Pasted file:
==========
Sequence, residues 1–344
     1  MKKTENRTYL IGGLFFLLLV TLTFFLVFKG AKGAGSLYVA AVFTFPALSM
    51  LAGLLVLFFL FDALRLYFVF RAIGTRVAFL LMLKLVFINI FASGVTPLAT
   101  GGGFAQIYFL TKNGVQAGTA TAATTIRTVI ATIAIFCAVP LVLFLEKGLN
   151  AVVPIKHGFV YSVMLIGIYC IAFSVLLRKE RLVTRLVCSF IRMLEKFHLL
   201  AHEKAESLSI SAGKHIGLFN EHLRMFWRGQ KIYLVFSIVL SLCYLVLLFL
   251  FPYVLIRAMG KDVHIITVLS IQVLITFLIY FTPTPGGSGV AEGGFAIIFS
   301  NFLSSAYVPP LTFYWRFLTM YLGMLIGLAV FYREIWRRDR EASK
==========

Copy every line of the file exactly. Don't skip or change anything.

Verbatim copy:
Sequence, residues 1–344
     1  MKKTENRTYL IGGLFFLLLV TLTFFLVFKG AKGAGSLYVA AVFTFPALSM
    51  LAGLLVLFFL FDALRLYFVF RAIGTRVAFL LMLKLVFINI FASGVTPLAT
   101  GGGFAQIYFL TKNGVQAGTA TAATTIRTVI ATIAIFCAVP LVLFLEKGLN
   151  AVVPIKHGFV YSVMLIGIYC IAFSVLLRKE RLVTRLVCSF IRMLEKFHLL
   201  AHEKAESLSI SAGKHIGLFN EHLRMFWRGQ KIYLVFSIVL SLCYLVLLFL
   251  FPYVLIRAMG KDVHIITVLS IQVLITFLIY FTPTPGGSGV AEGGFAIIFS
   301  NFLSSAYVPP LTFYWRFLTM YLGMLIGLAV FYREIWRRDR EASK